China's President Xi Jinping delivers a speech at the opening session of the Chinese Communist Party's Congress at the Great Hall of the People in Beijing on Oct. 18. In January 2017, Xiao Jianhua, a Chinese businessman, was kidnapped from his hotel in Hong Kong and ferried to the mainland.  His case is not unique — China has kidnapped or forcibly repatriated dozens of people from around the world over the past two decades, Zach Dorfman reports in Foreign Policy. And now, these kidnappings may be happening in the United States.

Iran Hit After Cyber Attack Exploits Cisco Router Flaw

Tom Jowitt 

Did nation state hackers target computer networks of Iran by exploiting a flaw with Cisco routers? “Advanced actors” have exploited a flaw with Cisco routers to launch an attack at the weekend that apparently hit 200,000 routers around the world. This included 3,500 switches in Iran, according to that country’s Communication and Information Technology Ministry, as reported by Iran’s official news agency IRNA. And there is a suspicion that these “advanced actors” could have been working for a nation state, after computer screens in data centres in Iran were left with the image of a US flag on screens along with a warning: “Don’t mess with our elections”.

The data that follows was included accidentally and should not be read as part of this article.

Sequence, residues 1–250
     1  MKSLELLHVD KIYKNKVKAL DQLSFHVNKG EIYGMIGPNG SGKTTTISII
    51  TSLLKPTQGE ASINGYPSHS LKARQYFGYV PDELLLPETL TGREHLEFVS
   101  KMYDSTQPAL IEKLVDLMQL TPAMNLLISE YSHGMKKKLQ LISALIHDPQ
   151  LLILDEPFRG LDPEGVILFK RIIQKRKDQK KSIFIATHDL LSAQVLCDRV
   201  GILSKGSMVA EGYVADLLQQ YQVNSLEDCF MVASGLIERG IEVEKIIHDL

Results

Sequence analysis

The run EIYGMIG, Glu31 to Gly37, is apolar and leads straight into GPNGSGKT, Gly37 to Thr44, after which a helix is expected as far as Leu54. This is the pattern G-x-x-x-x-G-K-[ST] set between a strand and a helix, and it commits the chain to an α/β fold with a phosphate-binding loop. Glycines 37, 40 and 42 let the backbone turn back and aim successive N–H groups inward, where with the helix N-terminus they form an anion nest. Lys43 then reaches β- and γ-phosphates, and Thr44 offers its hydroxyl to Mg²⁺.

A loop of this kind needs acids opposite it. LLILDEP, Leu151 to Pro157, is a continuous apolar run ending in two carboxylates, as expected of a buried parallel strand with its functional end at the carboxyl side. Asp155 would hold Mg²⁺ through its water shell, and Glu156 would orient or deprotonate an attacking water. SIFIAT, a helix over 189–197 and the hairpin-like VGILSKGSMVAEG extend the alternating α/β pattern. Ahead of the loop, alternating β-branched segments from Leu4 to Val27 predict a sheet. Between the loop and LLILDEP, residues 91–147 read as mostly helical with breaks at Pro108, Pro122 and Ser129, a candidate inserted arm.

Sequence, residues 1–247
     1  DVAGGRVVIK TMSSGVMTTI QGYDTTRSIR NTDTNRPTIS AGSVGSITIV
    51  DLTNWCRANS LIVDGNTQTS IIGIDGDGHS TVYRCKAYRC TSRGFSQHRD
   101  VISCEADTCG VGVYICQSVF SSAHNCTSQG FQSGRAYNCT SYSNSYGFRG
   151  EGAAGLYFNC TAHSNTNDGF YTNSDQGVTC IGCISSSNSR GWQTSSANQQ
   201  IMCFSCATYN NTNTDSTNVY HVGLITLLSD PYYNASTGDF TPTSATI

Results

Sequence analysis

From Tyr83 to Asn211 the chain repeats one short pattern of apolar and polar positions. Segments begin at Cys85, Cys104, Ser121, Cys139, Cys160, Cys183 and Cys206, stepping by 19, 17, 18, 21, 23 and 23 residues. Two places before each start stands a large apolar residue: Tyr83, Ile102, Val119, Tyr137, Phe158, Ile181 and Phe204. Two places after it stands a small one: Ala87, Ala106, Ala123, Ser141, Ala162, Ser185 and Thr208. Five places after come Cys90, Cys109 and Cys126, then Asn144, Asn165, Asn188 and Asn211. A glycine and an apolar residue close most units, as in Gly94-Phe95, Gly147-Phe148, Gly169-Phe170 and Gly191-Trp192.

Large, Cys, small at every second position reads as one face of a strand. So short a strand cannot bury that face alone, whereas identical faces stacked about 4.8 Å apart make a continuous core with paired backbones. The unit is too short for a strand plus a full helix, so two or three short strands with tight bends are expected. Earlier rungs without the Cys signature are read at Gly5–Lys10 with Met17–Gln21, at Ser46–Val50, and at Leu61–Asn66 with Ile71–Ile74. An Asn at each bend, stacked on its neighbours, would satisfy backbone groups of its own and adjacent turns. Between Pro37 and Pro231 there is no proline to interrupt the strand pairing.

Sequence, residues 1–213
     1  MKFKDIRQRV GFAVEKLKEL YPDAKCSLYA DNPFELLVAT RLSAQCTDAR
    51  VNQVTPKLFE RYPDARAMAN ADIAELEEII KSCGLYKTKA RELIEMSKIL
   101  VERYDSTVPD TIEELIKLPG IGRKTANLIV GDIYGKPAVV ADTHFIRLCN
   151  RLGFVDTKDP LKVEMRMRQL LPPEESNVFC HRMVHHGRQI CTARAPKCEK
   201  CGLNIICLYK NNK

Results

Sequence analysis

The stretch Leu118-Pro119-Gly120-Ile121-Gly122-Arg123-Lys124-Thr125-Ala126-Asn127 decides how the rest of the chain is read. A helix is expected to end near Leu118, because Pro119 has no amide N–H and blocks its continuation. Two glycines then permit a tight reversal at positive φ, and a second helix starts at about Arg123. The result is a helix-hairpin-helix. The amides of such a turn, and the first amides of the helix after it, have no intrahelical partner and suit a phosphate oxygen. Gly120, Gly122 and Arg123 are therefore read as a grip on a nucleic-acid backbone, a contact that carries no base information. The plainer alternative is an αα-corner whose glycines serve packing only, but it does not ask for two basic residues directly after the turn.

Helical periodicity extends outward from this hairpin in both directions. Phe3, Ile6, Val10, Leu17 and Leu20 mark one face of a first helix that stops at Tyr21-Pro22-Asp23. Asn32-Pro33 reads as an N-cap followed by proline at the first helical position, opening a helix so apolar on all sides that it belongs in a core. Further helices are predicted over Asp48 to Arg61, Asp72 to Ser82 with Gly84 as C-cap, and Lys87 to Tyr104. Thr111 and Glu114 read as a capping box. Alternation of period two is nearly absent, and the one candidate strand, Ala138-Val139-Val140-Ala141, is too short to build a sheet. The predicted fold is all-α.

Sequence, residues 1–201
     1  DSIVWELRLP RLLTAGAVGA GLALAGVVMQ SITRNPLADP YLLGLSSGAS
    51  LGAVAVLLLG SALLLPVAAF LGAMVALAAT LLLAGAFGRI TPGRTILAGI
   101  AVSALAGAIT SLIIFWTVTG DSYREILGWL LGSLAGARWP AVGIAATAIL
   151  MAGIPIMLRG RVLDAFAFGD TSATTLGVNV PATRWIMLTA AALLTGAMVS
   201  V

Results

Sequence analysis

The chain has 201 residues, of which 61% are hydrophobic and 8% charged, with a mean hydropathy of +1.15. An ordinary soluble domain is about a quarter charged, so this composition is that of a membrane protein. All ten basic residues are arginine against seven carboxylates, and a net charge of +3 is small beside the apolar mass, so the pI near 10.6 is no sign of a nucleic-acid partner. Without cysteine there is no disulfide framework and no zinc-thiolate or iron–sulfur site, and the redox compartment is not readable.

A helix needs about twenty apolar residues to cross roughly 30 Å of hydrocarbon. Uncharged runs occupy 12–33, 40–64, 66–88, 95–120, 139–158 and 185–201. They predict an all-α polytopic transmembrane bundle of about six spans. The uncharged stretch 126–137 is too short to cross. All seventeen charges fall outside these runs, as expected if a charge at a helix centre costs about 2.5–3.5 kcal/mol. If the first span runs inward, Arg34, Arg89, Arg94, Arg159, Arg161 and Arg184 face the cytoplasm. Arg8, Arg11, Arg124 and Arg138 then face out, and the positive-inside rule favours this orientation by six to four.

Tiny Bahrain's Big Oil Discovery Will Boost the Country’s Fortunes -- Eventually

Bahrain's discovery of the Khaleej Al Bahrain oil and gas field has the potential to make a material change in the country's financial crisis, but there are roadblocks. It will be five to 10 years before production begins in substantial volumes, it will be expensive, and it's not clear how much of the oil and gas can be recovered. In the meantime, Bahrain will use the long-term potential of increased oil and gas production — and the state revenue that comes with it — to attract new investment. An increase in oil revenue will allow the country to boost some of the social services that it provides to its restive population and reduce the need for painful economic adjustments.